As Slovakia’s Prime Minister Remains Hospitalized, Politics Return to a Boil - The World News

As Slovakia’s Prime Minister Remains Hospitalized, Politics Return to a Boil

More than a week after being shot in an assassination attempt, Slovakia’s prime minister was still hospitalized in serious condition on Thursday, as calls for political unity after the attack have given way to a resurgence of hostility in the polarized Central European nation.

Prime Minister Robert Fico was shot multiple times at close range on May 15 in the town of Handlova in central Slovakia. The attempted assassination — the most serious attack on a European leader in decades — sent shock waves through Europe.

Mr. Fico has undergone several surgeries since the shooting, and on Thursday the government said his condition “remains serious but stable” at a hospital in the central city of Banska Bystrica.

Even before Mr. Fico was shot, Slovakia was deeply divided between backers of his right-wing nationalist and anti-immigration policies, and opponents who accuse him of eroding democracy. The shooting prompted pleas from Slovakian officials for political parties to urgently reduce tensions — with some going so far as to warn about the risk of civil war.

But the attempts to lower the temperature appear to have fallen flat as the country returns to politics as usual.

Much of the hostility has centered around a divisive bill the government is pushing in Parliament that would give it control over the public broadcaster.

Mr. Fico, whose government has been accused by its critics of stoking tensions and antagonizing the media, had sought an overhaul of the broadcaster to purge what his party views as unfair bias in favor of its political opponents.

That legislation was part of a raft of measures — including moves to limit corruption investigations and impose what critics denounced as Russian-style restrictions on nongovernmental organizations — that the European Commission in February said risked doing “irreparable damage” to the rule of law in Slovakia.

The bill was up for debate in Slovakia’s Parliament on the day Mr. Fico was shot. The attack prompted a suspension of Parliament, which resumed this week.

Its first order of business, on Tuesday, was to approve a resolution condemning the attack on Mr. Fico and urging political parties and the media not to “spread hatred.”

On Wednesday, Parliament took up the draft bill about the broadcaster. It passed a first reading — with 77 lawmakers voting in favor and 53 voting against. The legislation still must be approved in at least one more reading and signed by the president before it can become law.

Michal Simecka, the chair of the opposition Progressive Slovakia party, had welcomed calls by the government to pause campaigning for the elections next month for the European Parliament to “calm the situation.” But he attacked Mr. Fico’s government over the bill, which he called a “bad law” that “goes against the interest of the public and against European rules.”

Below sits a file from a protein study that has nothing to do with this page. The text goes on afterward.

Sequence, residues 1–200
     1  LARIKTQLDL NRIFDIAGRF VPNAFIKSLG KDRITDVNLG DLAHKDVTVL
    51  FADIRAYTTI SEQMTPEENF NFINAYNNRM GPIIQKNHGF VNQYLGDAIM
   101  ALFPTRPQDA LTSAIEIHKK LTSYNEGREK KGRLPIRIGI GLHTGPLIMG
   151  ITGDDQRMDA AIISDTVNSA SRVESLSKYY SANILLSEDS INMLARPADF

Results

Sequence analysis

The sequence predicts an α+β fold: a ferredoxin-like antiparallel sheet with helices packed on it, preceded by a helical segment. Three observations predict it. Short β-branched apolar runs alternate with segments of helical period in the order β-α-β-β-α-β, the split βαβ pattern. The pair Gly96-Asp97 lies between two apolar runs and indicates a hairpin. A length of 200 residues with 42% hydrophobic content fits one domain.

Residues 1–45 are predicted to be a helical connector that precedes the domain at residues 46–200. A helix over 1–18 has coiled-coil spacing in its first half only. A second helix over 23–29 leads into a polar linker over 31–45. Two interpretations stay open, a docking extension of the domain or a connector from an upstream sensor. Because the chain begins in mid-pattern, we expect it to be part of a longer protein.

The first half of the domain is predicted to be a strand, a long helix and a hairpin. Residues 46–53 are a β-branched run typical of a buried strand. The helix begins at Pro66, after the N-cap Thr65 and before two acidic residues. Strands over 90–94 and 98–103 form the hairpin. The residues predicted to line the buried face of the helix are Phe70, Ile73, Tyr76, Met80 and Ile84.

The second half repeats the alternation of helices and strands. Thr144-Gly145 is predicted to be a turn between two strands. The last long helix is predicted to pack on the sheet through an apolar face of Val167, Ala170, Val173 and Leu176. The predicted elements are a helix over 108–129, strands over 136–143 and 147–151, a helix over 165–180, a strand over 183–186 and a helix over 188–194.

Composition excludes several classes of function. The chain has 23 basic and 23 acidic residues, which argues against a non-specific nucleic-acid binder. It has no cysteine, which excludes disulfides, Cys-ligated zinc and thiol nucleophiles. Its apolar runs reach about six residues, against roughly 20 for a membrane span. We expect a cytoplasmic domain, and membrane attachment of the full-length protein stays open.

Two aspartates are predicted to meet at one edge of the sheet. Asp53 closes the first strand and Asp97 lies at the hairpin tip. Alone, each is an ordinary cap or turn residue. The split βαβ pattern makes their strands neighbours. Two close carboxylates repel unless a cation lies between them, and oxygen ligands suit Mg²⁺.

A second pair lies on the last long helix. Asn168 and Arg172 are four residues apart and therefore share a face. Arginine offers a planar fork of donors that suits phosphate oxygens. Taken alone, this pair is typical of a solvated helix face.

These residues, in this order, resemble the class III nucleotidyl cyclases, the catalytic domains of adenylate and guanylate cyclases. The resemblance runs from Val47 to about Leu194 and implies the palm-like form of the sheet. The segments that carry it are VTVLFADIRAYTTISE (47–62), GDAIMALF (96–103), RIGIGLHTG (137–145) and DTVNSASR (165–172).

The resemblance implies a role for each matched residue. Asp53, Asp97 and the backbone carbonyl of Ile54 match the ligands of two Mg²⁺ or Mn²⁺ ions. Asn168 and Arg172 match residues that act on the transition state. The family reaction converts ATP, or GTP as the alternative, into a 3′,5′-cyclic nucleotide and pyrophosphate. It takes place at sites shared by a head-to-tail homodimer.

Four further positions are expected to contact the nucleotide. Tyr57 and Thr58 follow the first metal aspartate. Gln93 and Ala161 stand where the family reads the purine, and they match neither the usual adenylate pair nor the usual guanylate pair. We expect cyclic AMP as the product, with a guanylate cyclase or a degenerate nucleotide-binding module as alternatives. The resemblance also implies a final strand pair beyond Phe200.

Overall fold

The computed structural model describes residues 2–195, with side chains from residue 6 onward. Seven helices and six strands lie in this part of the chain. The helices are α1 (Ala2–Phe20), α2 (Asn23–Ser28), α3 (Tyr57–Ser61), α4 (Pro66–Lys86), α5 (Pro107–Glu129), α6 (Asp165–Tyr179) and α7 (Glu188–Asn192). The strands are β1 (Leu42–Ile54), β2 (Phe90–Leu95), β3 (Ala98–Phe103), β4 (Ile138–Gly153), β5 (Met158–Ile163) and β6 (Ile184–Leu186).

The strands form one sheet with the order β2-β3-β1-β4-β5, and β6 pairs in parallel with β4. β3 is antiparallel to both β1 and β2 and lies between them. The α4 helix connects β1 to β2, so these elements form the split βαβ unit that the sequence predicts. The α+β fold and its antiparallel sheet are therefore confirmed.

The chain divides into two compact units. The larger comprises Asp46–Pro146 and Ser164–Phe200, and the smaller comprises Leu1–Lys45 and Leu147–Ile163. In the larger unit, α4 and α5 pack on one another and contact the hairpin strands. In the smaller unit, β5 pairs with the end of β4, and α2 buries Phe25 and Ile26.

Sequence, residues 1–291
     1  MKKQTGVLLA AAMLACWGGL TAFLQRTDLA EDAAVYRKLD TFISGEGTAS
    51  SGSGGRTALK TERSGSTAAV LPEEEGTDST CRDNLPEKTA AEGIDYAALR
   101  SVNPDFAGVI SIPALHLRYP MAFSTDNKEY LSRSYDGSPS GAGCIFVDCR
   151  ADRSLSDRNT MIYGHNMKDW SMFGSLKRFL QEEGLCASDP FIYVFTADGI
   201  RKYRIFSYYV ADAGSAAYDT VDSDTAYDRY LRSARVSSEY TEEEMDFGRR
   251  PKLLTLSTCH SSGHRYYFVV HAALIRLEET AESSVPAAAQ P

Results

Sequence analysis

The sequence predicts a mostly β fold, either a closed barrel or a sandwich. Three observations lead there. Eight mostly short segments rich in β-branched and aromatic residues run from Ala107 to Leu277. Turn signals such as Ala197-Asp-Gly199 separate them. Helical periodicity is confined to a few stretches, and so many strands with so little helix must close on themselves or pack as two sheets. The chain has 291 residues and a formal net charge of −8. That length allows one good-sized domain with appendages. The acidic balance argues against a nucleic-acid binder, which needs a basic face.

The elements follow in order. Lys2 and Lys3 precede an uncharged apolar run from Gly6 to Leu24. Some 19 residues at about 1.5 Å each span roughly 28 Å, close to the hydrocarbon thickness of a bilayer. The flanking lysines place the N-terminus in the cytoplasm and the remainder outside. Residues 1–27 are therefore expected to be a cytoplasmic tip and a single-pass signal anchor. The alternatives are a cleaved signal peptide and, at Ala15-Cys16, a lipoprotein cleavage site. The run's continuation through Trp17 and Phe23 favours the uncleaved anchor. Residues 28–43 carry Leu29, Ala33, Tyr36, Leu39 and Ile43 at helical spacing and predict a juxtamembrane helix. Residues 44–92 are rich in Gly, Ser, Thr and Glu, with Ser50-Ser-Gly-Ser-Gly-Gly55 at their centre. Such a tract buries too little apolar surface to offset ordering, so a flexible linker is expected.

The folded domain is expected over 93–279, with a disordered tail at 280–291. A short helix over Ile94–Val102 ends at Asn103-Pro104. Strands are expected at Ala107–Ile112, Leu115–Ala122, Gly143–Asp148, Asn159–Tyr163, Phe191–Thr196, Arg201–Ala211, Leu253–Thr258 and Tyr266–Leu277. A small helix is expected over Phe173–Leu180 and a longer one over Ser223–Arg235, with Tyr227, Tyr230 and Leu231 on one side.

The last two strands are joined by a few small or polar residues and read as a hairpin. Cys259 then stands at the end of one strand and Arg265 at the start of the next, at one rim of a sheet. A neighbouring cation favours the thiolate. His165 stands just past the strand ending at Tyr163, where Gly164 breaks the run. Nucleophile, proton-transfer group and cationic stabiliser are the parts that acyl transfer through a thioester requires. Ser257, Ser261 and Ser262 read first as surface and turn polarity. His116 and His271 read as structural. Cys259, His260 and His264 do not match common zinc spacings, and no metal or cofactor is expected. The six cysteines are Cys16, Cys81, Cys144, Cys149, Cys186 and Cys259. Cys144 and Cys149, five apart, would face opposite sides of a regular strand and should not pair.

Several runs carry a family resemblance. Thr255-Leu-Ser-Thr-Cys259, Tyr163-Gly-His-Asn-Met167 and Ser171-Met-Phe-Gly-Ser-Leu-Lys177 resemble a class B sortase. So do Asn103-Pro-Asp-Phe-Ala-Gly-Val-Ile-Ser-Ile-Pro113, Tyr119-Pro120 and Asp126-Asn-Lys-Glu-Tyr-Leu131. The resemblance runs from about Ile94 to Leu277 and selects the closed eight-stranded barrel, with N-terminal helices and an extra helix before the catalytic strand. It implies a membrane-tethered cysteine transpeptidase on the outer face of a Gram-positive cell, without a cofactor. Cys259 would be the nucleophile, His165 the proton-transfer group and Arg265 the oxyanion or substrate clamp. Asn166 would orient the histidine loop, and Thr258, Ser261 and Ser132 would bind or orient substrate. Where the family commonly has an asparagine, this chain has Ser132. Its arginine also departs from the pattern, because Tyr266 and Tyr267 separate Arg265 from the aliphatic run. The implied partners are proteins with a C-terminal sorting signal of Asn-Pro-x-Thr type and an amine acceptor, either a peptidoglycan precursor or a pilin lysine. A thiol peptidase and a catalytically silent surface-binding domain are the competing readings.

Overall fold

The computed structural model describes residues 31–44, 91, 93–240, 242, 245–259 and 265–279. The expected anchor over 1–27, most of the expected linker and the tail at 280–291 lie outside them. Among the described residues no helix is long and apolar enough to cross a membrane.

He urged the government to withdraw the proposed legislation and “stop the dangerous effort” to control Slovakia’s television and radio.

Zuzana Caputova, the country’s departing president, and Peter Pellegrini, who will replace her in June, had made a public show of inviting leaders from Slovakia’s main political parties for a meeting to “calm down the situation.”

The last few days “have shown that some politicians are simply incapable of basic self reflection even after such huge tragedy,” Mr. Pellegrini said Sunday in a lengthy video posted on social media, without naming names. “As if they fail to understand that their past actions, their statements and disgusting attacks — not on political ideas but on their proponents — have significantly contributed to the tension in our society.”

The meeting was eventually canceled this week “due to the publicized statements of some leaders,” according to local news media.

The interior minister, Matus Sutaj Estok, has insisted that the government is committed to building political peace — but he signaled on Thursday that old grudges would not be forgotten.

“We do not want to escalate the tension within society. But we will certainly not forget what has led us to this state,” he wrote in a post on Facebook, in what appeared to be an attack against the government’s critics.

Opponents of Mr. Fico — who began his three-decade political career on the left but along with his party, Smer, has embraced right-wing political views over the years — have described some of his plans as attempts to return Slovakia to repressive Soviet times.

Mr. Fico had previously served as prime minister from 2006 to 2010 and from 2012 to 2018, when he was ousted amid street protests over the killing of a journalist who was investigating government corruption. He defied expectations and returned to the premiership last year, mounting a remarkable comeback after campaigning on pro-Russian stances, and promising social conservatism, nationalism and generous welfare programs.

The Slovakian authorities have released little information about the assassination attempt, other than to say it was carried out by a man with political grievances who had been radicalized after the most recent presidential election.

A 71-year-old suspect, identified by the authorities only as Juraj C., will face charges of attempted premeditated murder. He appeared before a judge for a closed hearing on Saturday in Pezinok, a city in western Slovakia, and was remanded in custody. On Thursday, Slovakia’s general prosecutor declined to say when the suspect would next appear in court.

Cassandra Vinograd reported from London and Sara Cincurova from Bratislava, Slovakia

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